We are independent & ad-supported. We may earn a commission for purchases made through our links.
Advertiser Disclosure
Our website is an independent, advertising-supported platform. We provide our content free of charge to our readers, and to keep it that way, we rely on revenue generated through advertisements and affiliate partnerships. This means that when you click on certain links on our site and make a purchase, we may earn a commission. Learn more.
How We Make Money
We sustain our operations through affiliate commissions and advertising. If you click on an affiliate link and make a purchase, we may receive a commission from the merchant at no additional cost to you. We also display advertisements on our website, which help generate revenue to support our work and keep our content free for readers. Our editorial team operates independently of our advertising and affiliate partnerships to ensure that our content remains unbiased and focused on providing you with the best information and recommendations based on thorough research and honest evaluations. To remain transparent, we’ve provided a list of our current affiliate partners here.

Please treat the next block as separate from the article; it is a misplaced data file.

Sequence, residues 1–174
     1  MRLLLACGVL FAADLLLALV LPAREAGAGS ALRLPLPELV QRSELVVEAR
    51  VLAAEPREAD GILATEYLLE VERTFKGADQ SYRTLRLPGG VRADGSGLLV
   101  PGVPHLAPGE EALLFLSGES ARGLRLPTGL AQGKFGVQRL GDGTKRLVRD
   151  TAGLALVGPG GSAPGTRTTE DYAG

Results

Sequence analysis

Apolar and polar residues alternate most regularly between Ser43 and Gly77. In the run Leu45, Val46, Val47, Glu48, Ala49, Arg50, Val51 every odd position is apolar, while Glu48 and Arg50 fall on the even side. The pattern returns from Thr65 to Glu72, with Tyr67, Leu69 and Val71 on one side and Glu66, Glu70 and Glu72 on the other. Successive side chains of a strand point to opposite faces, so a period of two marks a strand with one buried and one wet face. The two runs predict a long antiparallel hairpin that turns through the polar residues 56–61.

What is a Corpectomy?

Nicole Madison
By
Updated Mar 03, 2024
Our promise to you
The Health Board is dedicated to creating trustworthy, high-quality content that always prioritizes transparency, integrity, and inclusivity above all else. Our ensure that our content creation and review process includes rigorous fact-checking, evidence-based, and continual updates to ensure accuracy and reliability.

Our Promise to you

Founded in 2002, our company has been a trusted resource for readers seeking informative and engaging content. Our dedication to quality remains unwavering—and will never change. We follow a strict editorial policy, ensuring that our content is authored by highly qualified professionals and edited by subject matter experts. This guarantees that everything we publish is objective, accurate, and trustworthy.